On the 5 November 1946, a 25-year British soldier and his 21-year Austrian fianceé were married in the Klagenfurt Cathedral in Klagenfurt am Wӧrthersee which is the capital of the federal state of Carinthia in Austria.
The young soldier had made his way up to Austria with his battalion, through Italy from Africa where he had served with Montgomery at El Alamein.
This story however is not about WWII but about what happened when this young man, at the time engaged to a 'good Catholic Irish girl' back home met and fell in love with a 'good Catholic Austrian girl' when he was based in Klagenfurt. I suppose one can picture the scene - post-war, now allied occupied Austria. Soldiers relieved that the battle was not only over but won. Young women once again wearing their dancing shoes although some like the 21-year-old had spent much of the war training in dentistry, playing on the ski slopes, refusing to join the Hitler youth movement and being questioned by Nazi interrogators because of that and because her best friend's boyfriend, a ski instructor was suspected of being a spy.
So it was in post-war Austria in 1945. The soldier and the would-be dentist met at a dance. She went with someone named Bill, left with someone named John and from that time they were inseparable. The proposal came very quickly and one has to wonder whether the young woman who came from a completely different culture knew or understood what she was letting herself in for when the words "you have to understand I will always be a soldier first" came on the heels of "will you marry me?" ! She learned, learned very fast and to her credit never wavered, understood she was an army wife, was as much of the army as he was and in later years with every medal that was awarded, was always told that she was the one who earned it.
But theirs was not an easy path to marriage. Breaking off the engagement with the 'girl at home' was the least of their worries. Both families were horrified. The English/Irish side because the already decorated, favourite son of the soil was marrying the 'enemy' and the Austrian side because the much loved youngest daughter was marrying one of those responsible for killing her father and her youngest brother. To be fair, the girl's mother was not phased but her late husband's family cut her and her remaining children off. They remained estranged for almost forty years.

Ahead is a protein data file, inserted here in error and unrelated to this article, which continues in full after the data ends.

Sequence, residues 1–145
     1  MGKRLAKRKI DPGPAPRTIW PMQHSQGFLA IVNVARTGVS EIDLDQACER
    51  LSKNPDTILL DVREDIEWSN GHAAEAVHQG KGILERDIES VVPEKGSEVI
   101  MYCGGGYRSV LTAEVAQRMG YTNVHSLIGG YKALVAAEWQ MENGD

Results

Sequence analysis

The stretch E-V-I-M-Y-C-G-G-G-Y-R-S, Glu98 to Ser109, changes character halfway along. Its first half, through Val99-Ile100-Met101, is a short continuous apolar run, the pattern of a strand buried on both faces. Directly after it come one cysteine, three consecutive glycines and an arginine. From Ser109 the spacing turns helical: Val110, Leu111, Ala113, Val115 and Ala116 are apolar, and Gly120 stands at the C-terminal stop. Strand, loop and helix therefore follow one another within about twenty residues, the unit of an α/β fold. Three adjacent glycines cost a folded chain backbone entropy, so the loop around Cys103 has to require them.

To add to family complications, the army wasn't too happy either! Post-war one couldn't just go off and marry a foreigner who had been the enemy. Applications had to be made, background checks done (like there hadn't been enough of those by Nazi intelligence!), red tape gone through and permission granted.
The couple persevered, jumped all the hurdles, dodged the obstacles, and eventually as I said at the beginning, married on the 5 November 1946. Their daughter was baptized the following year in the same Cathedral.
Had my parents lived today they would be celebrating their 74th Wedding Anniversary. They had an incredible journey together until Daddy died after an extremely short illness in 1986. He fell ill whilst they were having lunch in celebration of their 40th Wedding Anniversary and five weeks later he went home. Mummy followed him 17 years later.
During their marriage they experienced much. Who would have thought that a young English/Irish teen who added a year onto his age to be able to join the army and a carefree young Austrian girl who spent her leisure time on the ski slopes, the ice rink, and in summer swimming in the beautiful waters of the Wӧrthersee, would end up together? Living in far off lands that some could only dream of, living and surviving in danger spots such as Singapore and Aden, being in the Middle East before the oil, having their ups and downs like any other couple, dining with Royalty and eventually retiring to Cyprus where their time together was spent renovating and transforming the Greek Orthodox priest's old house (he lived upstairs and the donkey downstairs) into a beautiful home in which sadly, when finished, they did not have enough time together.
So today I raise my glass to my parents - a toast to their memory and to their story only a little of which I have shared. I am sure they are together, smiling from heaven, glasses in hands as they clink my glass, and Daddy with a twinkle in his eye looks at me and says "Cheers darling! Happy days!'.